Investment Properties in Las Vegas Stimulate Housing Market & Economy
Investment properties in Las Vegas have been a driving force behind the high volume of homes that have sold over the past few years. The private investors who have purchased Las Vegas Residential Properties have stimulated the local economy as they've improved the homes they purchased.
The typical investor in today's market pays cash or at a minimum puts a sizable down payment into the purchase. Lenders typically require investment properties to have a 20-30% down payment. Slightly over half the home purchases in Las Vegas have been cash transactions over the past year. This is a far cry from the investors who used 100% financing to put together a portfolio of properties at the peak of the market.
After purchasing the foreclosed or short sale property, investors usually invest a little more out of their own pocket to make the property desirable. This includes repairing and/or replacing flooring, appliances, light fixtures, landscaping and painting. A single property that is being rehabbed by an investor may employ a minimum of 2 or 3 workers to do the repairs, sometimes more.
The majority of the investors we have worked with employ us to purchase the properties, they employ handyman, painters, plumbers, electricians, etc., to do necessary repairs and turn them over to a property management company to rent them. Again, creating jobs with the property management company that will be over-seeing the property.
Investors who "flip" the properties create the same jobs as they are rehabbing the properties. They do a valuable service by taking homes that have been neglected and/or vandalized and transforming them into homes which can be moved into with no need for additional repairs. This appeals to buyers who are tired of seeing the vacant homes that are missing appliances and worse. It is essential for buyers who are not good at fixing a property up. And it helps the home values of surrounding properties when the rehabbed home is sold at a higher price to compensate for the improvements made.
Investors who are using their own money to purchase properties and make a small quick profit, or establish an on-going cash flow as they rent out the properties during their holding period should be encouraged. Unfortunately, the Feds in another attempt to make it appear that they are doing something have devised a plan which will likely jeopardize the reward that the small private investors deserve after putting their own funds at risk. The Wall Street Journal gives the details of the scheme in today's article, titled: Fannie Mae Begins Marketing Foreclosed Homes as Rentals.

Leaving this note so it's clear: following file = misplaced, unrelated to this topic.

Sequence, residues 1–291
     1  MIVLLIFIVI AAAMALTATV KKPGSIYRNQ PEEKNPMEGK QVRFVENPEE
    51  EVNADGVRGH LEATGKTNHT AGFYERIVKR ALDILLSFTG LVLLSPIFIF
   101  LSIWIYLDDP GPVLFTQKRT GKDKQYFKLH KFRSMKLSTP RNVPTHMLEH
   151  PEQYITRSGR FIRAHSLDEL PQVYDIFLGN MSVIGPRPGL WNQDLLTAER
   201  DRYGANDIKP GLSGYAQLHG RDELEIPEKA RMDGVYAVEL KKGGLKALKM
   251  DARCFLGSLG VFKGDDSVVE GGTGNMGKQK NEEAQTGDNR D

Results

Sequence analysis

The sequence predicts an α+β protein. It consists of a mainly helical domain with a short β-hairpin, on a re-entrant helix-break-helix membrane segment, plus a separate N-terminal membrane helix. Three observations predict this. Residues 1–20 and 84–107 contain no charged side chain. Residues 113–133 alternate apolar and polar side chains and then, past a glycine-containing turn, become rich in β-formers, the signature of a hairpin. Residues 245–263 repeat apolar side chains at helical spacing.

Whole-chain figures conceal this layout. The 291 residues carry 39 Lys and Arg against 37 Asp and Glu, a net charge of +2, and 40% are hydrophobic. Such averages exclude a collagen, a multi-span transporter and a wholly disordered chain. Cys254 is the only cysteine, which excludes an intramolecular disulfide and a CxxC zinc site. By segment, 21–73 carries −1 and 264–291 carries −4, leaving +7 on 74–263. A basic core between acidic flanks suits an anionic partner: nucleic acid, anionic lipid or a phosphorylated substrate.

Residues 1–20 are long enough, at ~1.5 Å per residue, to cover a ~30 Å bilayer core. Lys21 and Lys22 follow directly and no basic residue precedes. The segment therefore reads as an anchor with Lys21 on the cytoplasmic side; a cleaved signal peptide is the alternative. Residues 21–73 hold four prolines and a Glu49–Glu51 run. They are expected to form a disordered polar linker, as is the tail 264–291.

Even if the Feds were going to come up with this plan, they are the proverbial dollar and a day too late, at least in the Las Vegas market. As of noon today, February 28th, we only had 8791 homes listed for sale that did not have accepted offers on them in The Greater Las Vegas Association of Realtor's MLS. Over the past twelve months, we have averaged 4048 homes sold per month. The current inventory is barely a two month supply of properties for sale. I can assure you, that if Fannie Mae took the homes they are planning to bundle together for sale as part of this scheme and put those properties in the hands of competent asset managers who hired experienced Realtors, those homes would sell for a better price than they will possibly get from bundling them together. They might even get sold to "first time home buyers" who would take care of the property and start their families in the homes. Another buyer we've seen taking advantage of the distressed properties are the elderly who are buying their retirement homes while they can afford the prices and interest rates are low. But no, this isn't good enough for the politicians.
Furthermore, the fact that these bundled properties are being sold to "investors and non-profits" is vague. Sounds like an excellent opportunity for more political favoritism. And, if they are selling them to "non-profits", is there not a real danger that they will undermine the rental market and those investors who have put their own funds into their investment properties?
The National Association of Realtors voiced opposition to this plan last week. For Nar's opinion, click here. Whatever, your political affiliation, it is not in anyone's best interest to allow this plan to be implemented. If you own a home or have any intension of owning a home, this wholesale of bundled foreclosures to investors who will rent them is far more likely to negatively impact your home values than to improve them. And for those who do not own a home yet, fees associated with the program, will likely be passed on to you when you do purchase. As they New York Times reported yesterday, FHA will be raising their fees from 1.15% to 1.25% on April 1 in order to build up their reserves. Yes, future buyers will be paying for the mistakes of the past.
I highly suggest that you write your elected Representatives in D.C. and encourage them to oppose this new bail out plan.